“Have you seen all these suits that have washable, comfy, tech-y fabrics? Do you think that’s what’s coming next?”
Emery works in San Francisco as an Internet “community builder”, which means she probably knows what you want before you do. A couple of days ago I was enjoying Sunday brunch with a group of about 20 when she asked me this question. I shouldn’t have been surprised – later that morning our group was involved in an impromptu Instagram mannequin challenge, but still. Washable suits? Wasn’t this tried, like, over 50 years ago? By none other than Brooks Brothers?
Of course, she doesn’t know that. Most people wouldn’t, because most people are interested in progress, and a washable suit does sound like a swell idea, just like it did so many years ago. I can almost hear my grandpa exclaiming, “You mean I can dump my suit in the same load as my chonies?” And yet, while tempting, and even being lauded as “the suit of the future”, it never really caught on then, nor will it happen now, at least anytime soon.
Don’t get me wrong – moving forward is a good thing, generally speaking. We upgrade our cell phones, transfer to paperless billing, and communicate digitally. One would think that this line of thinking should spread to other areas of our life, or at least to the area that covers our bodies. By and large, clothes, especially in menswear, haven’t changed all that much in the past 100 years. And why? Comfort? Style? Social restraints?
Some of the minutiae may vary, but I’d bet on one thing: for objects they really care about, humans like real, tangible, natural stuff. Perhaps you wouldn’t mind covering every crevice of your Honda Element in ersatz rubber, but let’s be honest: who do you know that, if given the choice, would chose to upholster his favorite lounge chair in spill-proof, lasagna-repelling, liquid-tight, state-of-the-art, space-age material, instead of, say, real Corinthian leather? The answer is obvious. And so it is with clothes.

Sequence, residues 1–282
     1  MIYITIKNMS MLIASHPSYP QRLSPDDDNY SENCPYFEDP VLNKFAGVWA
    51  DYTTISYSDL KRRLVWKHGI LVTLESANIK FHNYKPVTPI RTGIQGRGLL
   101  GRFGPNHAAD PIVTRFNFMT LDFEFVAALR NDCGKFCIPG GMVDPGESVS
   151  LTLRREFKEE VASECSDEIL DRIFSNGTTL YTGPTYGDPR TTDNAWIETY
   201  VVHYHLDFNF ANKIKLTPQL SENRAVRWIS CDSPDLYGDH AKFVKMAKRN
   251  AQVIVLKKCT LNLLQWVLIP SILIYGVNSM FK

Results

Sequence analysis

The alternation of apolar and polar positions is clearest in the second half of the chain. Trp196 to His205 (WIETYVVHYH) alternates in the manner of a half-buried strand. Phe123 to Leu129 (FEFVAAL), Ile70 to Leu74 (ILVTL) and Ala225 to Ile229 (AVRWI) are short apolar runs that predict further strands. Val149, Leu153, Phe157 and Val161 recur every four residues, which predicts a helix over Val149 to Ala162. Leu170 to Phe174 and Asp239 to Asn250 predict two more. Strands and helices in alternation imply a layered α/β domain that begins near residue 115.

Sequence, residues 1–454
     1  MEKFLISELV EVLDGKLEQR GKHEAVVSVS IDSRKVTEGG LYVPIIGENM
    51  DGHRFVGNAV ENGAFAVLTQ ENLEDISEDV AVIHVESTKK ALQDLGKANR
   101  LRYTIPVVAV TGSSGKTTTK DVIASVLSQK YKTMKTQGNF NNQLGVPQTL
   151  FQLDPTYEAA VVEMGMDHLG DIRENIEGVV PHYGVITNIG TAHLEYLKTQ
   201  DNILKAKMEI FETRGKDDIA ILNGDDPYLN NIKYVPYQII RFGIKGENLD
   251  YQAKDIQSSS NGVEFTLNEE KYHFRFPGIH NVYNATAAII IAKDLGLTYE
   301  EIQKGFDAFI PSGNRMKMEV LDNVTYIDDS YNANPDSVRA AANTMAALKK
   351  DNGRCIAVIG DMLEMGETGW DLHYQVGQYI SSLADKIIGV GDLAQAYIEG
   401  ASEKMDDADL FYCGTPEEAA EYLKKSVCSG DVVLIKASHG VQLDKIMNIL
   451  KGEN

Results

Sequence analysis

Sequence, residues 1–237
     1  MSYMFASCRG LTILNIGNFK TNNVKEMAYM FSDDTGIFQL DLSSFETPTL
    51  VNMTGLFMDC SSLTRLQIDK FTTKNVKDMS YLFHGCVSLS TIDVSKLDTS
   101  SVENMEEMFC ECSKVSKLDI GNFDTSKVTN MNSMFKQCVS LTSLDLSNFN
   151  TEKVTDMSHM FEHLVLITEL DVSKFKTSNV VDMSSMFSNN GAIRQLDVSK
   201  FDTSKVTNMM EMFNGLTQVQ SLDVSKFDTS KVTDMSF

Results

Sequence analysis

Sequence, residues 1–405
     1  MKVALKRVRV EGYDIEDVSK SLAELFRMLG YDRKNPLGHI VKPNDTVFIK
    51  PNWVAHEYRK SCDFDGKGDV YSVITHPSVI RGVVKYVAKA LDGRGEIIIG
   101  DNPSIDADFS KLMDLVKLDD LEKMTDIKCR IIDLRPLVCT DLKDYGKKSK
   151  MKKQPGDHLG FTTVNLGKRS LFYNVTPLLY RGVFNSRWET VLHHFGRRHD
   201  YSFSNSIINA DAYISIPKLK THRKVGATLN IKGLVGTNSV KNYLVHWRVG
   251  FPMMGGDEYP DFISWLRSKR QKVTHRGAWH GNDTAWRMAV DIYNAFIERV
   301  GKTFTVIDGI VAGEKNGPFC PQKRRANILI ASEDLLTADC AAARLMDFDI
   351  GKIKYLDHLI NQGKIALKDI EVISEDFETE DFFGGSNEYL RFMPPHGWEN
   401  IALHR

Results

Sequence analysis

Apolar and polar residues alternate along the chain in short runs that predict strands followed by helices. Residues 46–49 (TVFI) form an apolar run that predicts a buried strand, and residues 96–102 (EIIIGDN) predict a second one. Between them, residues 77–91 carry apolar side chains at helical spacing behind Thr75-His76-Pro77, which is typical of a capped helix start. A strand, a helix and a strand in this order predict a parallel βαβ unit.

Around the house, utilitarian clothes will readily embrace the latest stretchy, comfort-astic, wear-and-wash fabric with glee. We congratulate ourselves when we conserve the precious gossypium and buy those poly-fleece sweatpants, walking the dog to pick up the Sunday New York Times in post-consumer-recycled plastic Crocs, tacitly proclaiming to the world how progressive we are on the weekend. But for work, for things that matter, it’s all-natural, from the cotton duck canvas overalls and denim shirt of the construction worker to the merino wool suit and French calfskin shoes of the executive. Both and neither are more or less comfortable; It’s all about the cut, not the material. Witness the recent (and hopefully dying) trend of “tight pants” and jackets that “hug the shoulders”. Despite not being able to hail a cab or reach into t-bar ceiling without ripping a seam or cutting off circulation, the material of choice has doggedly remained the same, even though synthetic options have been available for decades, and even now look and perform relatively decently.
Will this be the year that synth-wear breaks out? Doubtful. Still, I’m all about comfort, which is a trend I actually do see coming. More on that later. Until then, feel free to wear athleisure around people you don’t care about. At the very least, it’s better than seeing (most of) you naked.